On how to optmize your system
Within this module, Before getting into the optimisation, we will first understand how an FPGA is working, also from a computational point of view. Although the traditional FPGA design flow is more similar to a regular IC than a processor, an FPGA provides significant cost advantages in comparison to an IC development effort and offers the same level of performance in most cases. Another advantage of the FPGA when compared to the IC is its ability to be dynamically reconfigured. This process, which is the same as loading a program in a processor, can affect part or all of the resources available in the FPGA fabric. When compared with processor architectures, the structures that comprise the FPGA fabric enable a high degree of parallelism in application execution. The custom processing architecture generated by SDAccel for an OpenCL kernel presents a different execution paradigm. This must be taken into account when deciding to port an application from a processor to an FPGA. To better understand such a scenario we will briefly compare a processor sequential execution with the intrinsic parallel nature of an FPGA implementation.
Furthermore, within this module we are going to familiarise ourselves with the application optimisation flow.The Xilinx SDAccel Environment is a complete Software Development Environment, for creating, compiling, and optimising OpenCL applications with the objective of being accelerated on Xilinx FPGAs. From a designer perspective we can organise the flow for optimising an application in the SDAccel Environment as a three phases flow. Those three phases are: (1) baselining functionalities and performance, (2) optimising data movement and (3) optimising kernel computation
Optimize your system via SDAccel
In this module we will provide a bird's eye view on the available SDAccel optimisations.
The presented optimisations are not the only available ones, but they are more a list of recommendations to optimise the performance of an OpenCL application that have to be used as a starting point for ideas to consider or investigate further. Within this context we will organise these “recommendations” in three sets of optimisations: (1) arithmetic optimisations, (2) data-related optimisations, and finally (3) memory-related optimisations.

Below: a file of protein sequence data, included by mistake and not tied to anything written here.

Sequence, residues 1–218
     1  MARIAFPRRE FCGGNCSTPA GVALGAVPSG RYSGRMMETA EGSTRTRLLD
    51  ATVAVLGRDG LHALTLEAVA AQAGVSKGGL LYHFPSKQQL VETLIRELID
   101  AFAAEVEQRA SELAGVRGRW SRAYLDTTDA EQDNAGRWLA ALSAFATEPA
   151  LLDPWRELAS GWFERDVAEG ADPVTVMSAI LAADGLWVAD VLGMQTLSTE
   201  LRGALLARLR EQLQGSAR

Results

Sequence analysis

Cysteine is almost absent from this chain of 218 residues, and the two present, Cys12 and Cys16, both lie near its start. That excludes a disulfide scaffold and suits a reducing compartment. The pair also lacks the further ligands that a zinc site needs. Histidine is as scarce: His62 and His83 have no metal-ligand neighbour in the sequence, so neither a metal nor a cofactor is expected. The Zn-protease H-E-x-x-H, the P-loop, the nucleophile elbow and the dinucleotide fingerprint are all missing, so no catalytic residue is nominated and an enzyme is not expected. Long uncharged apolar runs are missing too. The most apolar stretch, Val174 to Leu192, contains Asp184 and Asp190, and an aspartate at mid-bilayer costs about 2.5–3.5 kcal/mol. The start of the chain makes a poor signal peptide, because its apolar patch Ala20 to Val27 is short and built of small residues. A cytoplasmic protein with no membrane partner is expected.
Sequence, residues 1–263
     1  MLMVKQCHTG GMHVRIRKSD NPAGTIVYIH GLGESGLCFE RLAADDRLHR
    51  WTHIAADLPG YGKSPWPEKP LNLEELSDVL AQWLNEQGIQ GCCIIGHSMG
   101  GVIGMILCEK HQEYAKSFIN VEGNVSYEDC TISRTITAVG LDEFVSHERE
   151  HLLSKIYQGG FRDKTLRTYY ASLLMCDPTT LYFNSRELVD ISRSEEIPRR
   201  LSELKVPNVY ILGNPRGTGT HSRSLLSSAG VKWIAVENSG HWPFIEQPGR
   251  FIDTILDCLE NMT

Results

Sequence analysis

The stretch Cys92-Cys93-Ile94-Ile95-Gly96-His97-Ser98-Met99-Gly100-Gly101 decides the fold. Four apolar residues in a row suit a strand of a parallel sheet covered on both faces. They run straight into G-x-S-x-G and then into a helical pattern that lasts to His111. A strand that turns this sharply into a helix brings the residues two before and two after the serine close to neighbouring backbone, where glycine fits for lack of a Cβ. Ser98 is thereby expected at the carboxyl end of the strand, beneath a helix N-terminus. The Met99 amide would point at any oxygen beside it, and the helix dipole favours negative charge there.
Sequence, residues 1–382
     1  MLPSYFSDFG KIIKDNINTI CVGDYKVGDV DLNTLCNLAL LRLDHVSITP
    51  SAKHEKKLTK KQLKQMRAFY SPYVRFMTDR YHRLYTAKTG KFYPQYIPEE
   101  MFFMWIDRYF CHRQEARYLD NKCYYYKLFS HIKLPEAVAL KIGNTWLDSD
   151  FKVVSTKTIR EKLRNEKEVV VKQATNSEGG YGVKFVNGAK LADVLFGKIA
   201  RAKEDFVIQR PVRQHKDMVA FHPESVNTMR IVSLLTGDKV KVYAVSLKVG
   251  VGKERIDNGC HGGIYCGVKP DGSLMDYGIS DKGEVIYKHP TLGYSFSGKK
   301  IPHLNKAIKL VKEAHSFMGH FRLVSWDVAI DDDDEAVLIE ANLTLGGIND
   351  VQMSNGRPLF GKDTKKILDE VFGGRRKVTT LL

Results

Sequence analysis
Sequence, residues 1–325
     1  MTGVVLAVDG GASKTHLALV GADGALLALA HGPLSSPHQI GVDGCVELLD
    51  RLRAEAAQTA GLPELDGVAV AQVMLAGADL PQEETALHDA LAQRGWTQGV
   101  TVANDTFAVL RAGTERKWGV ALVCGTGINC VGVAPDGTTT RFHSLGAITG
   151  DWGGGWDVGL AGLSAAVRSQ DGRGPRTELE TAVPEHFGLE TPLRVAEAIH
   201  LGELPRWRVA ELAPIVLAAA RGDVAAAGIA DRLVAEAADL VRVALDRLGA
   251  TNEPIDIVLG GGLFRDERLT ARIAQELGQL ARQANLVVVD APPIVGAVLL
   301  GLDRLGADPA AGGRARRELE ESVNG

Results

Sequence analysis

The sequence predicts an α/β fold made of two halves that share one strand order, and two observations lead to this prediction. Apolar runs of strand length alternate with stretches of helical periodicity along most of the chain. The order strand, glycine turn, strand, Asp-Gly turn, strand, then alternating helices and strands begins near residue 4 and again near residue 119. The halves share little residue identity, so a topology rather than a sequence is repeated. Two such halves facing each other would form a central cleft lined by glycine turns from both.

After an overall description of possibile optimisations, within this module we will focus on four specific optimisations (1) loop unrolling, (2) loop pipelining, (3) array partitioning and (4) the host optimisations. First, we will describe loop unrolling which means to unroll the loop iterations so that, the number of iterations of the loop reduces, and the loop body performs extra computation. This technique allows to expose additional instruction level parallelism that Vivado HLS can exploit to implement the final hardware design. After that we will present the loop pipelining optimisation, where we will move from a sequential execution of the loop iterations to a pipelined execution in which the loop iterations are overlapped in time. After that we will present the array partitioning optimisation which allows to optimise the usage of BRAM resources in order to improve the performance of the kernel. Finally, at the end of this module we are going to discuss optimisations related to the host system that is responsible for transferring the data to and from the FPGA board, as well as to send the command to start the execution of a kernel.
An introduction to FPGA-augmented cloud infrastructures